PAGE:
Education comes in many forms, and right now ballerina Rossana Peñaloza is providing an education for rapt audiences in Mexico through a one-woman performance she gives in a wheelchair. Prior to her performance, she chose to use a wheelchair for six months. "And You, What?" -- the title of Peñaloza's one-woman show -- grew out of those frustrating days. Her "grito" -- a Spanish word that means emphatic cry -- has turned her into an accidental activist, a buzz-generating and provocative voice. All it took was a ballerina willing not to use her legs. She has earned a following among ...


The Florida teacher who asked her kindergarten students to vote a classmate with Asperger's Syndrome out of the classroom has been reassigned. According to a newspaper account, a police report filed after the incident explains that the decision to take a vote on 5-year-old Alex Barton was a part of a lesson that the children were learning on voting and tallying. The teacher, Wendy Portillo, also told police that the vote was to let Alex know how his behavior was affecting the class, and it was only intended to be for a day. "Portillo said she did this as she ...


My blog post about "books of the future" using principles of universal design for learning brought this comment from source Candace Cortiella, director of The Advocacy Institute, which I thought was worth bringing up: Hi Christina: UDL approaches also extend to large-scale assessment design. The National Center on Educational Outcomes has written a guide for states to help begin thinking about designing assessments (UDA) with all students in mind, just as UDL attempts to design curriculum accessible to the widest range of students right from the start. It would be most unfortunate for UDL to take hold without UDA coming ...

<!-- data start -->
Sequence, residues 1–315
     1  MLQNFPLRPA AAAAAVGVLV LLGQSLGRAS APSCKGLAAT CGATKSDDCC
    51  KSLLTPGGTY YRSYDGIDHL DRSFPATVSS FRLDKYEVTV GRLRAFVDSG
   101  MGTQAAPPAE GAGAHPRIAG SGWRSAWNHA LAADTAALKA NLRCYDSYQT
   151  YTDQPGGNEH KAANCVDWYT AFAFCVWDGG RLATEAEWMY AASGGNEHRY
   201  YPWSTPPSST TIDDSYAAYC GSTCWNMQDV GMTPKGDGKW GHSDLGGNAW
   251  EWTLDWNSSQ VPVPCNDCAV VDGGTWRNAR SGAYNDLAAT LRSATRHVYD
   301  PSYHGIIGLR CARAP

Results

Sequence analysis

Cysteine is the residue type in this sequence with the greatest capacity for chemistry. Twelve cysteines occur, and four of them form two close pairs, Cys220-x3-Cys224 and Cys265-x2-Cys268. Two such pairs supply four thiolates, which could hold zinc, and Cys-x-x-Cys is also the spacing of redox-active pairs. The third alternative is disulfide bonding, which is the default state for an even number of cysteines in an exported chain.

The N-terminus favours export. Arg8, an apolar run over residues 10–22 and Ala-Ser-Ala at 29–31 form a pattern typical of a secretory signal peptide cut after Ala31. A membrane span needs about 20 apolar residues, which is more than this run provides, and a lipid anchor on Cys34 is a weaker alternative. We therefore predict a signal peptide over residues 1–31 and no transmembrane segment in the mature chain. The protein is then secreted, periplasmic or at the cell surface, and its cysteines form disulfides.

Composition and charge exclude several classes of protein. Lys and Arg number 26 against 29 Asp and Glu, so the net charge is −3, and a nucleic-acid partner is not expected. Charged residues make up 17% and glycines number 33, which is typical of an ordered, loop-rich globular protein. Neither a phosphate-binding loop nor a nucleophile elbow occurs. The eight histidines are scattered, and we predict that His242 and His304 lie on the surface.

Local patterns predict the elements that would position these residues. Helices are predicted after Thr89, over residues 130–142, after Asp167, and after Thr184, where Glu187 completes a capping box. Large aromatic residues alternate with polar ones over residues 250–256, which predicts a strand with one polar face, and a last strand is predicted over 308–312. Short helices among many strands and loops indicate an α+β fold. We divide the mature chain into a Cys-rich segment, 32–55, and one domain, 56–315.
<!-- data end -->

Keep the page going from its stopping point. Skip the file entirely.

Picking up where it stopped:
Some stories don't even need a comment: a Florida teacher faces legal action for allowing her students to vote a 5-year-old child with Asperger's Syndrome of out the classroom. After each classmate was allowed to say what they didn't like about Barton's 5-year-old son, Alex, his Morningside Elementary teacher Wendy Portillo said they were going to take a vote, Barton said. By a 14 to 2 margin, the students voted Alex -- who is in the process of being diagnosed with autism -- out of the class. Alex then spent the rest of the day in the nurse's office. The ...


Bipolar disorder among adults is little understood; among juveniles, it's even more of a question mark. Newsweek has a long but engrossing article about a Massachusetts family and their life with their 10-year-old son, Max, who has been diagnosed with bipolar disorder as well as a host of other problems: attention deficit hyperactivity disorder, oppositional defiant disorder, obsessive compulsive disorder. In his short life, he has been on 38 different psychoactive drugs. Though the focus of the article is mostly on Max Blake's family life, his school life is mentioned as well. His behavior problems were so severe that he ...